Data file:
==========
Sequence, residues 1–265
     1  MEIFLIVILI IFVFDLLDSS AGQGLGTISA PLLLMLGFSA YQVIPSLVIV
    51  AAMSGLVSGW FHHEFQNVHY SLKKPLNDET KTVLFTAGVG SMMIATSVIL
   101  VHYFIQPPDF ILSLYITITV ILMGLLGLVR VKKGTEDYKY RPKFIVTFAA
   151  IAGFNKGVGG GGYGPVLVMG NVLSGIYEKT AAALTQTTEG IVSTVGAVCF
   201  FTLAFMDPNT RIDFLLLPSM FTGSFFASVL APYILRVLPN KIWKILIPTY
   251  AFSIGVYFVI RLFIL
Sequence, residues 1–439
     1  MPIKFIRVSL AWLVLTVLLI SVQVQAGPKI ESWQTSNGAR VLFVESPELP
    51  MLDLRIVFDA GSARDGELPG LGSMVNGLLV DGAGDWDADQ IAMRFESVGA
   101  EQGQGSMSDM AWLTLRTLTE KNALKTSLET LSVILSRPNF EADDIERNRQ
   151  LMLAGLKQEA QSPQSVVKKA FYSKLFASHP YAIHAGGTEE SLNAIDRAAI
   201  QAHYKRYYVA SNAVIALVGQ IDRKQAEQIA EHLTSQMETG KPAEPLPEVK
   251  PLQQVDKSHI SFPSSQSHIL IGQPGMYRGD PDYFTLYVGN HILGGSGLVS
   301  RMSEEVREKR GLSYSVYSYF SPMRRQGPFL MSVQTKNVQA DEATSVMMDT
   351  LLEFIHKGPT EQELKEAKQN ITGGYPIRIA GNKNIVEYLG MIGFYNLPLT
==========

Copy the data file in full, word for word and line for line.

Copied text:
Sequence, residues 1–265
     1  MEIFLIVILI IFVFDLLDSS AGQGLGTISA PLLLMLGFSA YQVIPSLVIV
    51  AAMSGLVSGW FHHEFQNVHY SLKKPLNDET KTVLFTAGVG SMMIATSVIL
   101  VHYFIQPPDF ILSLYITITV ILMGLLGLVR VKKGTEDYKY RPKFIVTFAA
   151  IAGFNKGVGG GGYGPVLVMG NVLSGIYEKT AAALTQTTEG IVSTVGAVCF
   201  FTLAFMDPNT RIDFLLLPSM FTGSFFASVL APYILRVLPN KIWKILIPTY
   251  AFSIGVYFVI RLFIL
Sequence, residues 1–439
     1  MPIKFIRVSL AWLVLTVLLI SVQVQAGPKI ESWQTSNGAR VLFVESPELP
    51  MLDLRIVFDA GSARDGELPG LGSMVNGLLV DGAGDWDADQ IAMRFESVGA
   101  EQGQGSMSDM AWLTLRTLTE KNALKTSLET LSVILSRPNF EADDIERNRQ
   151  LMLAGLKQEA QSPQSVVKKA FYSKLFASHP YAIHAGGTEE SLNAIDRAAI
   201  QAHYKRYYVA SNAVIALVGQ IDRKQAEQIA EHLTSQMETG KPAEPLPEVK
   251  PLQQVDKSHI SFPSSQSHIL IGQPGMYRGD PDYFTLYVGN HILGGSGLVS
   301  RMSEEVREKR GLSYSVYSYF SPMRRQGPFL MSVQTKNVQA DEATSVMMDT
   351  LLEFIHKGPT EQELKEAKQN ITGGYPIRIA GNKNIVEYLG MIGFYNLPLT